Arts Chat: Trish Biddle


Do you want to build a snowman?

Many of you own and are familiar with Trish Biddle’s work. Southlake Town Square frequently uses her paintings in their promotions, and you can find her booth at Art in the Square filled with her picturesque paintings of women and children in idealistic settings, glamorous women in fabulous places, reminiscent of Norman Rockwell in my opinion.

Trish Biddle is published internationally and is collected around the world. Born in Minneapolis, Minnesota, American artist Trish Biddle studied at the Dallas Institute of Art before beginning her career as an illustrator and textile designer. Her process of drawing, painting and designing eventually melded onto canvases, creating romantic images and her unmistakable Art Deco figurative paintings.

Her expertise in capturing nature and light creates richly colored, breath-taking canvases. With a well-defined style, broad, romantic strokes and vibrant color, Trish paints figurative, floral, fashion icons and children’s art.

The faces are obscured purposely to allow the viewer to identify with the images of the graceful dancers their own romantic notions. Backgrounds are evidence of textile, ironwork and architectural designs extracted from her own designs and travels. Trish currently resides in Westlake, Texas.

What brought you from Minnesota to Westlake?
Born in Minnesota , my mother was attending the Minneapolis Art Institute when she met my father and decided to put her artistic career on hold to start a family. Little did she know her only daughter would fulfill her creative dream. I grew up with the idea of wanting to do just that and my mother enrolled me in various art camps and painting lessons. We then relocated to Tulsa, Oklahoma where in my junior and senior year of high school I was accepted into a commercial art program at Tulsa Vocational Technical Institute where I studied commercial art for high school credit. I landed my first job at a local trade publication as a graphic artist where I then saved my earnings to attend The Art Institute of Dallas. With portfolio in hand, I started the journey of several vocations which kept me in Dallas where I met my husband, who is instrumental in where my art has brought me. From helping find a publisher to licensing and production of Limited Editions website and e-commerce, a constant encourager and companion. We have enjoyed the fruits of our labor together and now as a family. We have 2 daughters who also help out and have their own creative genius within. They brought us to Westlake, Texas where they attend 4th and 6th grades at the charter school Westlake Academy.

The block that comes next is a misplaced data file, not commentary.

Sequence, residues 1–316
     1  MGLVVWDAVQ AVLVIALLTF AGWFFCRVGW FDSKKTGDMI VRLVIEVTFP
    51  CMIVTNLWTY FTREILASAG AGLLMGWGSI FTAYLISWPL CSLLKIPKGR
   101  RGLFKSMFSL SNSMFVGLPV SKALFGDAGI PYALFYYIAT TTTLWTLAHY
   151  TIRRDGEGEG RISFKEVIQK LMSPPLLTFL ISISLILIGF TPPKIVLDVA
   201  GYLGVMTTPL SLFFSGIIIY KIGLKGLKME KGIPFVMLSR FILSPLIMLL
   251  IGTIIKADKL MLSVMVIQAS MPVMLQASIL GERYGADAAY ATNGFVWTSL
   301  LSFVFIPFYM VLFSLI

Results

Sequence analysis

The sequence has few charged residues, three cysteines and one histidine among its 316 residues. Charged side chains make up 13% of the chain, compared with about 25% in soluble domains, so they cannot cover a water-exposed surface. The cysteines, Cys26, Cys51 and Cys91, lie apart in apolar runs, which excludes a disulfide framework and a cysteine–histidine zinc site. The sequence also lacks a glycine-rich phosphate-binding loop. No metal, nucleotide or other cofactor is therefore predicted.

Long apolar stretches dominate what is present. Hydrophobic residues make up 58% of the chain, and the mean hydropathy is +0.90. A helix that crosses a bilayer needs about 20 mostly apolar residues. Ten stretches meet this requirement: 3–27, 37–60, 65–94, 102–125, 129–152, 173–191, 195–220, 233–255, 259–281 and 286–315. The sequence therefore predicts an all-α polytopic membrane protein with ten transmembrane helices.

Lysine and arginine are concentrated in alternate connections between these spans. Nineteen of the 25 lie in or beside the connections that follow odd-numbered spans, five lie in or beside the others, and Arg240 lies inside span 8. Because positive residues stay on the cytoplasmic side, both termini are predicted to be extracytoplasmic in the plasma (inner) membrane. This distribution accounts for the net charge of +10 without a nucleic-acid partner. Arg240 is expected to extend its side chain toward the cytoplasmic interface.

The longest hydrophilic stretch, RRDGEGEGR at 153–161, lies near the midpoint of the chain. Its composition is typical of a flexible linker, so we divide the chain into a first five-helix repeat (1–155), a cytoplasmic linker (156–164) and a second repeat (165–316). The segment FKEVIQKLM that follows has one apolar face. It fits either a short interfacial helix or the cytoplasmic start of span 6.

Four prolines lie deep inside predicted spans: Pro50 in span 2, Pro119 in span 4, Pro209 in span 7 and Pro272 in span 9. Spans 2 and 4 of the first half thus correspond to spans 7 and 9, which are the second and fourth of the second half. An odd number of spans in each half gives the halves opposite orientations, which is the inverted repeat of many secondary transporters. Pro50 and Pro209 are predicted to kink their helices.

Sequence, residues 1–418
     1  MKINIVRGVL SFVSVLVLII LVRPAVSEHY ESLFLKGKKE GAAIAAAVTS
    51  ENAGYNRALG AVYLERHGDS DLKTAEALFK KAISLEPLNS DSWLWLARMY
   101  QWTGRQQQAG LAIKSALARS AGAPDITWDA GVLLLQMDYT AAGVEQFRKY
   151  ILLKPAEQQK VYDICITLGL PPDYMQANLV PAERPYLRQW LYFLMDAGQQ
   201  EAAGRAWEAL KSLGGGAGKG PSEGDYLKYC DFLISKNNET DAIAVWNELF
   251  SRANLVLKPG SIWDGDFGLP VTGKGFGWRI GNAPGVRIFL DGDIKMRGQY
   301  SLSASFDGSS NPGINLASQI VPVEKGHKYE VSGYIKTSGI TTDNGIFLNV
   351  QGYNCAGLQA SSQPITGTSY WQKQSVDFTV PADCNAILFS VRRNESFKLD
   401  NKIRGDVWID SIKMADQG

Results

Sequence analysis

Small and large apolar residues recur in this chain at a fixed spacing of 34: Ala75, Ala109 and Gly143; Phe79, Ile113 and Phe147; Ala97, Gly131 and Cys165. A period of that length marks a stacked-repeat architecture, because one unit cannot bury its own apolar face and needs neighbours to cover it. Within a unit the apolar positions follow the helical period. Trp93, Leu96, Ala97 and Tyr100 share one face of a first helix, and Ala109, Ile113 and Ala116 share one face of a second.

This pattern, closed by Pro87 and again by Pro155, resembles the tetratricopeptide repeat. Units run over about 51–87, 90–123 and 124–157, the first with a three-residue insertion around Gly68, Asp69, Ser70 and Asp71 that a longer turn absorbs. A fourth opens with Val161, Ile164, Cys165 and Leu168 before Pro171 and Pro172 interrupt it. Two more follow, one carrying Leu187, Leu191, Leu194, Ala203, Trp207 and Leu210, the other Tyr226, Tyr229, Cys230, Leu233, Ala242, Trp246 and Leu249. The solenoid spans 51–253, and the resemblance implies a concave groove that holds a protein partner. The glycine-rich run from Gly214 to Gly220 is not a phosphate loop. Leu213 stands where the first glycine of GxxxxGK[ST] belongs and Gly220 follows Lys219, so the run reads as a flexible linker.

How did your work as a fashion
illustrator morph into your paintings?
One of my first jobs out of art school was working for a clothing manufacturer in their art department doing fashion boards and textile design. Later I would land a design position for the JCP corporate headquarters which had relocated to Dallas from NYC. This was good because of the exposure to the REAL fashion industry and the travel. Burned out of corporate life, I freelanced for a while and then my Grandmother passed away and everything changed for me. I became reflective of where my career was taking me. I think I wanted to paint instead. I started with an old cigar box full of black and white photos of my grandmothers. Then with my husband’s help signed with Canadian art prints, a publisher in Vancouver. They were my compass and helped develop my style, starting with landscapes inspired by an excursion my husband and I took from London to Naples. Then after seeing the Broadway musical Chicago, I fell in love with the costumes and hairstyles painted in a series called Champagne Lounge and the publisher produced posters. Later the textiles would come into play.

What drew you to an Art Deco style?
Tamara De Lempicka’s work. A Polish artist from the 20s to 40s. I think it was the vintage quality that reminded me of when I first started to paint and it was the old black and white photos in combination with my love for fashion and my textile background.

Who are your influences?
Figurative American artist Gary Kelley, Brazilian artist Juarez Machado, Polish Art Deco painter Tamara De Lempicka, and French artist Gustave Caillebotte who painted the Paris Street; Rainy Day.

If you were not an artist, what career
path do you think you would pursue?
Something to do with food. I love being creative in the kitchen and watch all the good cooking shows, but it would have to include travel, so maybe a travel writer /restaurant reviewer.

What makes you laugh?
My husband is our own stand-up comedian and our daughter Claire is just like him. The two together will leave you in stitches!

For prints, giclées, original paintings and commissions visit